Morgan Stanley to frame a new portrait at the helm

Morgan Stanley CEO James Gorman (left) takes part in an interview with Economic Club of Washington president David Rubenstein in Washington on September 18, 2013. REUTERS / Yuri Gripas

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NEW YORK, Dec. 27 (Reuters Breakingviews) – When is the right time for a Wall Street titan to leave? Probably when the company’s fortunes are high and with a ready-to-cook successor. By this logic, James Gorman of Morgan Stanley (MS.N) will be the first of the longtime bank chiefs to go.

The Australian who has run the New York bank since 2010 has performed better than most of his rivals. Every dollar invested in Morgan Stanley then is worth more than $ 4 today, including dividends. That’s less than JPMorgan (JPM.N), but beats Goldman Sachs (GS.N), Citigroup (CN), Wells Fargo or Bank of America (BAC.N). Gorman’s peers are all new to it, like Citi’s Jane Fraser, or plan to stay, like BofA’s Brian Moynihan or JPMorgan’s Jamie Dimon.

Gorman has also gambled on wealth management while his peers have focused elsewhere, acquiring brokerage firm E * Trade Financial and asset manager Eaton Vance for $ 20 billion during the pandemic. Unlike banks with large loan companies, Morgan Stanley didn’t worry about defaults on consumer loans.

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Leaving when he’s early would be another way for the former McKinsey consultant to pull away from the pack – except that it’s not clear who will replace him. Gorman assigned new roles to four potential successors in May, all longtime senior lieutenants. Only wealth management boss Andy Saperstein and head of corporate securities Ted Pick, however, led Morgan Stanley’s main profit drivers, suggesting a two-horse race.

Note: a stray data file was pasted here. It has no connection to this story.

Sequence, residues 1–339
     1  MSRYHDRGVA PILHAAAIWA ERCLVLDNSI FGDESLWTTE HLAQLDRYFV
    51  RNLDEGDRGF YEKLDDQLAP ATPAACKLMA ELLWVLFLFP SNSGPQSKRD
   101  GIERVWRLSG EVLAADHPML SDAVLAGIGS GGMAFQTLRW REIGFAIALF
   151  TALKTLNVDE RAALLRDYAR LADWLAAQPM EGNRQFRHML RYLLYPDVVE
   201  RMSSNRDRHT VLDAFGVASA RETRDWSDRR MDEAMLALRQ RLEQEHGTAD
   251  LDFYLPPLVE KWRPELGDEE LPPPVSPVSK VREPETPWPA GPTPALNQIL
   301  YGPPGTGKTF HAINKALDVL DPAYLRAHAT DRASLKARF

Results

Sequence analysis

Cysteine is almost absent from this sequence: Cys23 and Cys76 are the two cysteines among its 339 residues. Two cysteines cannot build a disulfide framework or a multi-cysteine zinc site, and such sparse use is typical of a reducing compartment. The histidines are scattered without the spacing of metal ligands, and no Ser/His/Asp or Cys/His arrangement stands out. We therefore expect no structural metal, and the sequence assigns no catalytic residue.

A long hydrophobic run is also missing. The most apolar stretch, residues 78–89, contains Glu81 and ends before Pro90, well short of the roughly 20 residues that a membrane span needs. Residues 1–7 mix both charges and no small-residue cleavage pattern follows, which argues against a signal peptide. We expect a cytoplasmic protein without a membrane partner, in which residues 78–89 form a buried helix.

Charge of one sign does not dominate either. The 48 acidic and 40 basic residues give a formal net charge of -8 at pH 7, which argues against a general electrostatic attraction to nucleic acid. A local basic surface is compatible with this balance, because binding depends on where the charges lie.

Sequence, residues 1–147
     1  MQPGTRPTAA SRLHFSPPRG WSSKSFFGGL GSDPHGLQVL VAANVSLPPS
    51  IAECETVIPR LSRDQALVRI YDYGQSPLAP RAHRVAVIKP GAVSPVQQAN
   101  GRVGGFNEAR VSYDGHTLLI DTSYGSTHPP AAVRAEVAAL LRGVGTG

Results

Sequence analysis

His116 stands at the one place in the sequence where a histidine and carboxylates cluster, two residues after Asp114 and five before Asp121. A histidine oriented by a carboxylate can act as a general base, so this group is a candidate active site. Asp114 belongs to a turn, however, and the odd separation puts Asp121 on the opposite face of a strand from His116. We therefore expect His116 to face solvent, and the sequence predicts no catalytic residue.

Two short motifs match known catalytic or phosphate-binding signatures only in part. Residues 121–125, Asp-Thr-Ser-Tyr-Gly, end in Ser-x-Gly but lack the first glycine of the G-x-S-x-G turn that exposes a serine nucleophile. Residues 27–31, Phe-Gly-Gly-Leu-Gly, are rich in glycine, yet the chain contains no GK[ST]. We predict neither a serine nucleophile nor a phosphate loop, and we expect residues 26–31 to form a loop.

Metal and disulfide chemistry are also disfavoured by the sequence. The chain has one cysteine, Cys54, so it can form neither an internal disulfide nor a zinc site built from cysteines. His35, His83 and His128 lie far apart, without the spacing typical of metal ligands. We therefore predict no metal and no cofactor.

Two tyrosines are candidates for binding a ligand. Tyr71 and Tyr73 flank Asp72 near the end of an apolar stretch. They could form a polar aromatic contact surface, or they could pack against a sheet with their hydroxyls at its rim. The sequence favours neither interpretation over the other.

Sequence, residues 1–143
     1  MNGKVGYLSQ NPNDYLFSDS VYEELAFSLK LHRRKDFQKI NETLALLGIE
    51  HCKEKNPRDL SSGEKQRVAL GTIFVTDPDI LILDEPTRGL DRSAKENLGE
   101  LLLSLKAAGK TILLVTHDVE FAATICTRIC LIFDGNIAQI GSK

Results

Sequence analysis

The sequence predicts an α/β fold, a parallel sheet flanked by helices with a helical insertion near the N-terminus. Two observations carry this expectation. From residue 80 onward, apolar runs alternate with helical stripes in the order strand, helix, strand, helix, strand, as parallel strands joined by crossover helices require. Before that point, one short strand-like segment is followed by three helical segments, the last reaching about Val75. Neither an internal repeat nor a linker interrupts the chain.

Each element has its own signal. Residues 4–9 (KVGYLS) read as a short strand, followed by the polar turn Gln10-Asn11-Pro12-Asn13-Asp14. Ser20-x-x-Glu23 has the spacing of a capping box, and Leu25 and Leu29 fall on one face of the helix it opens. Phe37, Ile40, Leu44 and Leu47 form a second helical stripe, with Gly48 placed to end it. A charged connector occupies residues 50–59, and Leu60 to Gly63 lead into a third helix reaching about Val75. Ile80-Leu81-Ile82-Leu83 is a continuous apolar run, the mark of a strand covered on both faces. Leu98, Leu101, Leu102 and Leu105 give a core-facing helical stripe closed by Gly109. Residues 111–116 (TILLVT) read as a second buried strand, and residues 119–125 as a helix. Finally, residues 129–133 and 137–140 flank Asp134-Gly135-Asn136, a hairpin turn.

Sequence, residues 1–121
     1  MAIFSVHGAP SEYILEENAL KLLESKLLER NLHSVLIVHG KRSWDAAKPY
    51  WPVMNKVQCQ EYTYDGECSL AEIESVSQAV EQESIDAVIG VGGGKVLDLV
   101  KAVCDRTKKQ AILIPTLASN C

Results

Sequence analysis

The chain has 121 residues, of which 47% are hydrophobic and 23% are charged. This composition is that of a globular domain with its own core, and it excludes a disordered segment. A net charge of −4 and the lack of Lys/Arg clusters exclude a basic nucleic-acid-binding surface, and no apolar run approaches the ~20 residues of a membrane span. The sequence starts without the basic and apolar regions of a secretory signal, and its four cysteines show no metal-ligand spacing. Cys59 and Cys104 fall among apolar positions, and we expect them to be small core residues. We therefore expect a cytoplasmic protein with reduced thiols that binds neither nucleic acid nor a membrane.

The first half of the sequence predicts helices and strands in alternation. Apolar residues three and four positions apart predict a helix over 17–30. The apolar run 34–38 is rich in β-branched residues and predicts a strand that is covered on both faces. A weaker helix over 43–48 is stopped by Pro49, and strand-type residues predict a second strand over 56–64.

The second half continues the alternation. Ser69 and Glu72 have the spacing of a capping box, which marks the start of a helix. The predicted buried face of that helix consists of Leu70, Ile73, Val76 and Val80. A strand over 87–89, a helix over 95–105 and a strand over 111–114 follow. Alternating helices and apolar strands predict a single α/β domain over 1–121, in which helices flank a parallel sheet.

Since Morgan Stanley’s future lies in wealth – Gorman has said he wants to grow his clients’ assets to $ 10,000 billion, down from just over $ 6 trillion – Saperstein may seem like a good shot. Wealth could represent two-thirds of income if Gorman reaches his goal.

Pick has an advantage in other respects. He arranged the stock market after the crisis. The market branch he oversees has seen its share of the five major trading houses’ revenue drop from 13% to 18% over the past decade. While it wasn’t smooth – like hedge fund Archegos’ $ 1 billion in business losses in 2021 – Pick was also the highest-paid executive after Gorman according to an April filing, reflecting the fact that his division carries more risk than others.

One catch: Pick has never executed a brokerage before. Then again, Gorman will likely copy his predecessor, John Mack, and remain president for some time. It’s probably time for another reshuffle by then to fill in some gaps in his successor’s resume.

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(This is a Breakingviews prediction for 2022. To see more of our predictions, click .)

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Editing by Rob Cox and Amanda Gomez

Reuters Breakingviews is the world’s leading source for financial information on agenda making. As the Reuters brand for financial commentary, we dissect the big companies and economic stories from around the world every day. A global team of around 30 correspondents in New York, London, Hong Kong and other major cities provide real-time expert analysis.

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